In an effort to reduce the inappropriate use of medical imaging and improve quality of care, a large, tertiary-care hospital has successfully implemented a computerized physician order entry (CPOE) system with clinical decision support for radiology, according to a study in the February issue of the Journal of the American College of Radiology.
Significant increases in meaningful use (for electronically created studies, from 0.4 percent to 61.9 percent; for electronically signed studies, from 0.4 percent to 92.2 percent) and the adoption of CPOE (from 0.5 percent to 94.6 percent) were observed.
The meaningful use of health care IT can improve patient safety, efficiency and the quality of care. Initial studies have showed that with decision support, the percentage of low-utility imaging studies may decrease by as much as 57 percent.
The study was performed in a health care delivery network with Brigham and Women's Hospital in Boston, MA. After pilot testing and user feedback, a Web-enabled CPOE system with embedded imaging decision support was phased into clinical use between 2000 and 2010 across outpatient, emergency department and in-patient settings.
A total of 4.1 million imaging studies were performed during the study period. The use of electronically created studies was greatest in the emergency department and in-patient settings. Meaningful use varied across specialties; surgical subspecialties had the lowest rates of electronically created studies.
"Our study shows that an imaging CPOE system with embedded decision support that is integrated into the health care enterprise IT infrastructure and the relevant electronic medical record platform and optimized with in the clinicians' workflow can be successfully and broadly accepted clinically," said Ivan K. Ip, MD, MPH, lead author of the study.
"Such an imaging CPOE system, if adopted and meaningfully used, could create an excellent platform for delivering real-time decision support to reduce inappropriate use of imaging, improve quality and reduce waste," said Ip.
For more information about JACR, visit www.jacr.org.
To receive an electronic copy of an article appearing in the JACR, or to set up an interview with a JACR author, please contact Heather Curry at 703-390-9822 or PR@acr.org.
Heather Curry | EurekAlert!
Deep Brain Stimulation Provides Sustained Relief for Severe Depression
19.03.2019 | Universitätsklinikum Freiburg
AI study of risk factors in type 1 diabetes
06.03.2019 | University of Gothenburg
DESY and MPSD scientists create high-order harmonics from solids with controlled polarization states, taking advantage of both crystal symmetry and attosecond electronic dynamics. The newly demonstrated technique might find intriguing applications in petahertz electronics and for spectroscopic studies of novel quantum materials.
The nonlinear process of high-order harmonic generation (HHG) in gases is one of the cornerstones of attosecond science (an attosecond is a billionth of a...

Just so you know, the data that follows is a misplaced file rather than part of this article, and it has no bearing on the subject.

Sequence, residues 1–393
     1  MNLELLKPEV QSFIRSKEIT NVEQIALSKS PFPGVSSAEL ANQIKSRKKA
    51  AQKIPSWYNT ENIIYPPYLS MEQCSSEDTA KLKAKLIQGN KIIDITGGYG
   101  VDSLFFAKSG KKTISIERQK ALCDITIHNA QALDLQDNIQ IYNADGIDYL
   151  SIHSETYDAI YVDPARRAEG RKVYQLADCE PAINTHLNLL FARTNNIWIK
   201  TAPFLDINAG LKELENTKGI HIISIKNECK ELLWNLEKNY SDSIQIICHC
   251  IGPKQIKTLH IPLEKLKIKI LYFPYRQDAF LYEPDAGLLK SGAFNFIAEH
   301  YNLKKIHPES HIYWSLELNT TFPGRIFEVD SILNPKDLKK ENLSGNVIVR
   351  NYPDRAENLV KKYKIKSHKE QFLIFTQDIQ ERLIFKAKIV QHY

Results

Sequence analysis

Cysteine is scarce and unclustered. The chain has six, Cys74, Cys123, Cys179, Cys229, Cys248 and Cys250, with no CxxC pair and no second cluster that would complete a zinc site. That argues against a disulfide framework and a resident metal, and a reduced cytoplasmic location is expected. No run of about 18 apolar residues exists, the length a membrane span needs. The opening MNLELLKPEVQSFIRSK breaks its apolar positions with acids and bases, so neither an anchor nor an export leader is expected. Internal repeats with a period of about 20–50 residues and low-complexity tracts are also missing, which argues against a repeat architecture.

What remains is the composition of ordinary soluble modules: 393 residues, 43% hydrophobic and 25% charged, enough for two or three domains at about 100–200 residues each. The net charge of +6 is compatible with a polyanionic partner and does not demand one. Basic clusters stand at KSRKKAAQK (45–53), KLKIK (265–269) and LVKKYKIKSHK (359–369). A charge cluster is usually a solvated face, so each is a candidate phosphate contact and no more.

Nano- and microtechnology are promising candidates not only for medical applications such as drug delivery but also for the creation of little robots or flexible integrated sensors. Scientists from the Max Planck Institute for Polymer Research (MPI-P) have created magnetic microparticles, with a newly developed method, that could pave the way for building micro-motors or guiding drugs in the human body to a target, like a tumor. The preparation of such structures as well as their remote-control can be regulated using magnetic fields and therefore can find application in an array of domains.
The magnetic properties of a material control how this material responds to the presence of a magnetic field. Iron oxide is the main component of rust but also...
Due to the special arrangement of its molecules, a new coating made of corn starch is able to repair small scratches by itself through heat: The cross-linking via ring-shaped molecules makes the material mobile, so that it compensates for the scratches and these disappear again.
Superficial micro-scratches on the car body or on other high-gloss surfaces are harmless, but annoying. Especially in the luxury segment such surfaces are...
The Potsdam Echelle Polarimetric and Spectroscopic Instrument (PEPSI) at the Large Binocular Telescope (LBT) in Arizona released its first image of the surface magnetic field of another star. In a paper in the European journal Astronomy & Astrophysics, the PEPSI team presents a Zeeman- Doppler-Image of the surface of the magnetically active star II Pegasi.
A special technique allows astronomers to resolve the surfaces of faraway stars. Those are otherwise only seen as point sources, even in the largest telescopes...
Researchers at Chalmers University of Technology and the University of Gothenburg, Sweden, have proposed a way to create a completely new source of radiation. Ultra-intense light pulses consist of the motion of a single wave and can be described as a tsunami of light. The strong wave can be used to study interactions between matter and light in a unique way. Their research is now published in the scientific journal Physical Review Letters.
"This source of radiation lets us look at reality through a new angle - it is like twisting a mirror and discovering something completely different," says...
11.03.2019 | Event News
01.03.2019 | Event News
28.02.2019 | Event News
25.03.2019 | Trade Fair News
25.03.2019 | Life Sciences
25.03.2019 | Information Technology